There are plenty of reasons for preserving fruit and veg. You may have got a good deal at the supermarket that you’re unable to use all at once or your own harvest may have been more successful than you predicted, for example. However there’s no need for waste as preserving not only means you have fruit and vegetables available at different times of the year when they might not be in season and allows you to sample familiar foods with a different taste and texture. Learn how to preserve left over vegetables this winter to save money and get more creative with your cooking.
Preserving fruit and veg in the freezer
If you have room in your freezer, this is usually the simplest way to preserve. Berries and cherries respond well to freezing and can often be used still frozen, such as for smoothies or baking. Harder fruits such as apples and pears tend to work best if stewed before freezing.
Root vegetables such as potatoes, carrots, parsnips and squash are also easily frozen, simply blanch them first. The same technique can be used for peas, cauliflowers, broccoli, cabbage, Brussels sprouts and legumes. Leeks, spinach, aubergines and courgettes can be cooked before freezing. Vegetables cooked into soups, stews or ratatouille also freeze well, while frozen tomato sauce can be a lifesaver on numerous occasions! You can even freeze fresh herbs for a better result than dried.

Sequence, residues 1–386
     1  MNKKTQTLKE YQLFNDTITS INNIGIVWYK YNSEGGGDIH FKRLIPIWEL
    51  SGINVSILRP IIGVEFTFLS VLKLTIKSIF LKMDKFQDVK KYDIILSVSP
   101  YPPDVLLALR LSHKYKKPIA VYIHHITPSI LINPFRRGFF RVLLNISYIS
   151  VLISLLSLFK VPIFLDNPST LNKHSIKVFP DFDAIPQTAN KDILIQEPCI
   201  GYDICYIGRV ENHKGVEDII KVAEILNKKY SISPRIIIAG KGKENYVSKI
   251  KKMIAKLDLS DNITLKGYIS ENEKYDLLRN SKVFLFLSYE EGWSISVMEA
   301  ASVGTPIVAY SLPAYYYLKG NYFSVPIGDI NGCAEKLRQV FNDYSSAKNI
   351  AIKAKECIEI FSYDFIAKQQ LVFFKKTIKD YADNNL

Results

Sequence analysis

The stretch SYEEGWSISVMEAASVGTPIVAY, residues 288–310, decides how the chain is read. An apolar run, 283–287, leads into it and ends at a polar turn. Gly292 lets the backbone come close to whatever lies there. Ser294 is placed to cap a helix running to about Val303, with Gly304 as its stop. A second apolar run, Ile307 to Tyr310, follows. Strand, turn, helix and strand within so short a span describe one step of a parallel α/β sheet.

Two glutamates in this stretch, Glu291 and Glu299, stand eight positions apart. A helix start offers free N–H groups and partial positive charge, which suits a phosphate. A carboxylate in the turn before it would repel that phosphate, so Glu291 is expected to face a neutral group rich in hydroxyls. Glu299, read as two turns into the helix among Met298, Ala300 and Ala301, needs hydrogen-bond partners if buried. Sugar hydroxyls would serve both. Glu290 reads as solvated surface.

Freezing is an efficient method of preserving ripe or slightly overripe produce and the results are best eaten within three months of freezing.
Preserving fruit and veg by pickling
Pickling is how to preserve left over vegetables creatively. You can go for a simple vinegar or brine or you can spice up your pickling mixture. You can pickle vegetables separately or in a mixture and use them in salads, sandwiches and with cold meats – they’re also great just for picking at and much healthier than crisps! All you need is a good supply of ingredients, a pan and some clean, sterilised jars.
Pickling is essentially the process of using a salt and/or vinegar mixture to prevent the growth of bacteria. Not only vegetables but also some fruits can be pickled, but the process works best for produce that is mature but not overripe. Like freezing, most pickled produce is best eaten within three to six months.